Though all the candidates make a huge effort to try and communicate their views, goals, and aims through campaigning, they might fall short due to lack of time. To make this communication better, Soapbox was introduced. During Soapbox, candidates get to present their views and their manifestos to all the students in the campus. This helps the voters understand the candidate better and helps them to decide who to vote for. Voters can also raise doubts about the candidate's credentials or manifestos in front of the whole campus. Starting in 2010, Soapbox has now become probably the most important campaigning tool.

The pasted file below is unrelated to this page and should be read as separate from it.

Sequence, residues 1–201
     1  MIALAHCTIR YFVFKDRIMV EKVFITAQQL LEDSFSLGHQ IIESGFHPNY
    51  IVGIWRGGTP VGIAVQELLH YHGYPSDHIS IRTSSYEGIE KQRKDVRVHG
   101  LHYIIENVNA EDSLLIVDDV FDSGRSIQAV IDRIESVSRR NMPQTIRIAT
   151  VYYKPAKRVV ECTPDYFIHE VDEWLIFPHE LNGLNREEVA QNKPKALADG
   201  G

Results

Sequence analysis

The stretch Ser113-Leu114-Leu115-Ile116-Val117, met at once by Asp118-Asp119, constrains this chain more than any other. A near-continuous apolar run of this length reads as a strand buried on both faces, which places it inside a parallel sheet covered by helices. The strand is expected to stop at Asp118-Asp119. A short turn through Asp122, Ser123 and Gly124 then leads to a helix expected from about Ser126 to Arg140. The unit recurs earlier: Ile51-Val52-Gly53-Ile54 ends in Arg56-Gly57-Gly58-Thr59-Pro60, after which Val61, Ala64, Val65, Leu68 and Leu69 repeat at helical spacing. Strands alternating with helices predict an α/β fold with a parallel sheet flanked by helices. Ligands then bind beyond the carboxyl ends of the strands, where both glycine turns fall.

This year, both the president and general secretary candidates get 7 minutes to complete their speech while the cultural secretary and sports secretary candidates get 5 minutes each. Each of these speeches will be followed by a few questions from the audience. But due to the time constraints of Soapbox, the audience might not always get a chance to clear all their doubts. So, this year the Election Commission has introduced a system where the general body give their questions to the EC anonymously, out of which the EC filters a few and forwards them to the respective candidates. The candidates can choose to answer these questions or decline. If they do answer, the EC will post them online for anyone to read.
All-in-all soapbox brings the candidates closer to the rest of the general body and improves transparency as doubts on credentials/manifestos are raised openly in public.
Poster Credits : Rajiv Krishna